As the effects of climate change are becoming more and more difficult to ignore, many people are eager to find ways to be more environmentally friendly in their own lives. Driving electric vehicles, which have long been touted as the car of the future, is one way to do just that. By dramatically reducing greenhouse gas emissions, an electric vehicle (EV) is an effective way to reduce your carbon footprint. To learn more about what it’s like to have an electric vehicle, we sat down with Nashua’s Waterways Manager, Deb Chisholm. Deb is a long-time Nashua resident who bought a Chevy Bolt in November 2019.
Q: What motivated you to buy an EV?
A: It had always been rolling around in my head that it would be cool to own an electric vehicle, but I always assumed I couldn’t afford one. The thing that really got me going, though, was in November of 2018 when I started my job with the City, I was the staff person who was in charge of the Environment and Energy Committee, and it was very exciting to finally be around people who drove electric vehicles or plug-in hybrids. We eventually got a group of high school students involved in the committee and their main focus was electric vehicles and charging stations, and that is what really got me thinking, “I think I can do this!” So that was it.
Q: What is your favorite thing about driving an EV?
A: Knowing it is the right thing to do for the environment. It is the right thing to not use gasoline in my car anymore. I love knowing that someone isn’t sitting behind me with the exhaust from my car going into their face. It is challenging to find something individuals can do to reduce greenhouse gas emissions and pollution, and this definitely a major one that I feel on a day to day basis. I get the feeling that I am making a difference every time I drive. I also know I don’t ever want to go back to going to the gas station!
Q: What would you say to someone who is thinking about buying an EV but is worried about the cost?
A: Price was the original deterrent for me. Then I met someone else who bought a Chevy Bolt and I asked him what he paid for it. I realized for an extra hundred dollars a month from what I was currently paying to lease my car, I could lease an EV. I figured I might actually save that hundred dollars just in gasoline. I had in my head this myth that electric vehicles are really expensive, but they’re really not.
Q: It’s common to hear people worry about the range of EVs. What has your experience been like finding places to charge your car?
A: It certainly something I had to switch my brain into doing more planning about where I was going and the route I was going to take, but there are plenty of apps out there that will tell you where the charging stations are. I am now also always conscious when I am walking around where I see charging stations and make a note of it.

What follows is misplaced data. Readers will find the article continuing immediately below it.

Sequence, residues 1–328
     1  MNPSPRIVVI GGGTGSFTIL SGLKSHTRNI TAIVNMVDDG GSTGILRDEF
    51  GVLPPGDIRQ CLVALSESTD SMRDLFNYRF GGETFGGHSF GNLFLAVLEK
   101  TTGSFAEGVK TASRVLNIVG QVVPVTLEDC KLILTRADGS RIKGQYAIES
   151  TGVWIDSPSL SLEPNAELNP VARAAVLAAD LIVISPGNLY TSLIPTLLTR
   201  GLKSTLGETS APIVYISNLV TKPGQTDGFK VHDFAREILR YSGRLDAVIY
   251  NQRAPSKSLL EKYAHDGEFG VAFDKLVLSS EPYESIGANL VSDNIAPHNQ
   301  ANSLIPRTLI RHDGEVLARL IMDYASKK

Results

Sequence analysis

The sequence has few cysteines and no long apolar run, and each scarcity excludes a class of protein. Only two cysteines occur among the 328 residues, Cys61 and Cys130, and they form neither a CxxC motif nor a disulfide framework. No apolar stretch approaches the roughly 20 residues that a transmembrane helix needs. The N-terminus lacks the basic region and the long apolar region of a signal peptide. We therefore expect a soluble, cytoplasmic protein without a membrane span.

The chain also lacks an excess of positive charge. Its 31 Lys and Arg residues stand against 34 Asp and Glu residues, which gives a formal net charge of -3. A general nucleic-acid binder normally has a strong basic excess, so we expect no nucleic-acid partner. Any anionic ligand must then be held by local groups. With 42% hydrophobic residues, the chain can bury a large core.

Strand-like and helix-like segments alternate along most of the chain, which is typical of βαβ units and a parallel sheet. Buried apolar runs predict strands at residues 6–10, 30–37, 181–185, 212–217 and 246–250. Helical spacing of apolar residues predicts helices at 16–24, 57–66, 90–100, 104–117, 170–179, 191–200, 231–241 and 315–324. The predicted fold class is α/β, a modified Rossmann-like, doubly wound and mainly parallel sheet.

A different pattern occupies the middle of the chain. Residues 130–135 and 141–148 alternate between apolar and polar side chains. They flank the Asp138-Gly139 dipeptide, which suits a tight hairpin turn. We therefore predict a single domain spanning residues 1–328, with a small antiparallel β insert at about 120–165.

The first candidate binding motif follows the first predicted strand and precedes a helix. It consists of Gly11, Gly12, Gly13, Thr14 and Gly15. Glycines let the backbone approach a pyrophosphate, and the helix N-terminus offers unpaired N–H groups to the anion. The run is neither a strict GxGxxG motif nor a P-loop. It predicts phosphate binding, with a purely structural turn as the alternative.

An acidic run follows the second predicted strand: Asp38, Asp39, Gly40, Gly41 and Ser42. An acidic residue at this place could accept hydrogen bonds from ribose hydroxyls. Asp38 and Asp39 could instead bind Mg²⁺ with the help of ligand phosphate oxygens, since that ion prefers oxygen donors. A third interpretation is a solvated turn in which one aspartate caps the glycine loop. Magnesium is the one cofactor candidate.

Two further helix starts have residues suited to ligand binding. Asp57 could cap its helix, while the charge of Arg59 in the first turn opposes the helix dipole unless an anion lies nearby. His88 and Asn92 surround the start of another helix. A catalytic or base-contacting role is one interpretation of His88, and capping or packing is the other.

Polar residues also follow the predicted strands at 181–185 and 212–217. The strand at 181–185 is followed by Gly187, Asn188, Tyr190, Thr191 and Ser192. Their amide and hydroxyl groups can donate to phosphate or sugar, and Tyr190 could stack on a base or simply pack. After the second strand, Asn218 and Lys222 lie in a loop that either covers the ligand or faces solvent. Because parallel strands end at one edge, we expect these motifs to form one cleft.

Q: Where do you charge your car around Nashua?
A: There are three charging stations in the parking garage adjacent to City Hall, so it is very convenient for me to put my car on the charger while I am at work. I’m working from home lately, but I can plug into a standard outlet which charges my battery fully in about 2 days. I treat my car like my phone and put it on the charger at night before I go to bed. There are also DC fast chargers at the Pheasant Lane Mall where I can charge my battery in about an hour, so I can just go there and walk around the mall or read my book. There are enough near me to make it very convenient to charge my car. Even a year into ownership I haven’t bought a faster Level 2 charging station for my house.
Q: What do you think is the biggest misconception about these vehicles?
A: Sometimes people think that the only people who drive EVs are super crunchy, “granola,” tree-huggers who drive 55 mph on the highway to get better gas mileage. But that isn’t the case. My electric vehicle is very powerful—it is surprising to me how quickly my car takes off. It is fun to drive!
Q: Anything else you would add?
A: I wish more people would drive EVs. I honestly think it is the wave of the future. For some people, they may need to wait a bit and slowly step into it. If you are driving a big suburban, you can think about making the step to a smaller vehicle or maybe a plug-in hybrid. Those take out the extra anxiety because if you run out of battery, you can always slip back into the gasoline mode.
Interested in learning more? Visit the Livable Nashua dashboard’s page devoted to electric vehicles. You can also find charging stations near you using Plugshare. Still have questions? Email Deb at email@example.com.